The Environmental Protection Agency is warning residents living near medical sterilization facilities in 13 states and Puerto Rico about potential health risks from emissions of ethylene oxide, a chemical widely used in their operations.
Laredo, Texas; Ardmore, Oklahoma; and Lakewood, Colo., are among the communities facing the highest risk of ethylene oxide emissions, the EPA said.
The agency has notified 23 commercial sterilizers — 19 in the continental United States and four in Puerto Rico — that their operations pose an elevated risk of cancer and other ailments. The announcement follows a recent investigation of emission data from almost 100 commercial sterilizers across the country.
Ethylene oxide is used to clean everything from catheters to syringes, pacemakers and plastic surgical gowns.
While short-term or infrequent exposure to ethylene oxide does not appear to pose a health risk, the EPA said long-term or lifelong exposure to the chemical can lead to a variety of health effects, including lymphoma and breast cancer. The EPA said it is working with commercial sterilizers to take appropriate steps to reduce emissions.
“Today, the EPA is taking action to ensure communities are informed and engaged in our efforts to address ethylene oxide, a potent air toxicant that poses a serious health risk with long-term exposure,” EPA Administrator Michael Regan said in a statement Wednesday.
EPA will conduct public outreach campaigns in each of the communities where elevated risks have been found, including a webinar on August 10.
Laredo, one of the communities targeted by the EPA alert, is a border city where the vast majority of residents are Latino and more than a quarter live in poverty. Missouri-based Midwest Sterilization Corp. operates a sterilization facility in Laredo.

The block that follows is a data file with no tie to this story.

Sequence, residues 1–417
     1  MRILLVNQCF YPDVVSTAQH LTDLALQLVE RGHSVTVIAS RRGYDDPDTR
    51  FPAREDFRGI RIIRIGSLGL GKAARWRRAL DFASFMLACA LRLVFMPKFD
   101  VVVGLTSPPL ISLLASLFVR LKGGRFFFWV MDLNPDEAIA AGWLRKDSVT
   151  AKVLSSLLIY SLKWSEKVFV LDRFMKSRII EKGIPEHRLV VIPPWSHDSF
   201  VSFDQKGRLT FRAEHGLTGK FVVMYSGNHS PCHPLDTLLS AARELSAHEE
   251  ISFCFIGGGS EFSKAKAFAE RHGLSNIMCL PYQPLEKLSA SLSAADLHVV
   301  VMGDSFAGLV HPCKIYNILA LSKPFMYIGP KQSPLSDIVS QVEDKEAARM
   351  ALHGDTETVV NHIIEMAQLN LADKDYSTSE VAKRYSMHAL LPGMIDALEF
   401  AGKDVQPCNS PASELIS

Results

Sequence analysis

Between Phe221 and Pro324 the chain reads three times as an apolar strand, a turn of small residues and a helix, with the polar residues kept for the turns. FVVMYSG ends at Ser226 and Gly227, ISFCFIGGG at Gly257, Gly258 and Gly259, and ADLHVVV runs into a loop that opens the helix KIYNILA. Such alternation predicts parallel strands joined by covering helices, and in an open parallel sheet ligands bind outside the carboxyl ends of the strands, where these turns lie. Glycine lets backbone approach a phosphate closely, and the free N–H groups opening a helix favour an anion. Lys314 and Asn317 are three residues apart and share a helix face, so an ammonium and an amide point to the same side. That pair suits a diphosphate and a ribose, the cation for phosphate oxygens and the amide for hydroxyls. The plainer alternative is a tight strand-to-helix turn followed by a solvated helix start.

More than 40% of the city’s nearly 70,000 school children attend campuses in areas at increased risk for cancer due to ethylene oxide emissions from the Midwest plant, according to an analysis by ProPublica and the Texas Tribune.
A Midwest spokesperson declined immediate comment. But the company told ProPublica and the Tribune last December that the cancer risk from the sterilization facility has been overstated. The emissions it reported to the EPA are “worst case scenarios,” rather than specific pollution levels, the company said.
The Ethylene Oxide Sterilization Association, an industry group, said in a statement that ethylene oxide has been used for decades by the healthcare industry to sterilize a wide variety of medical equipment and supplies. More than 20 billion health products are sterilized each year in the United States alone.
In many cases. there are no practical alternatives available to ethylene oxide currently, the group said, adding that using less effective cleaning methods “could introduce the real risk of increased morbidity and mortality” at hospitals across the country.
The EPA called medical sterilization “a critical function that ensures the safe supply of medical equipment to patients and hospitals. operate safely in local communities, while providing sterilized medical equipment.”
A proposed rule to update controls on air toxic emissions from commercial sterilizers is expected by the end of the year, with a final rule likely next year, the EPA said.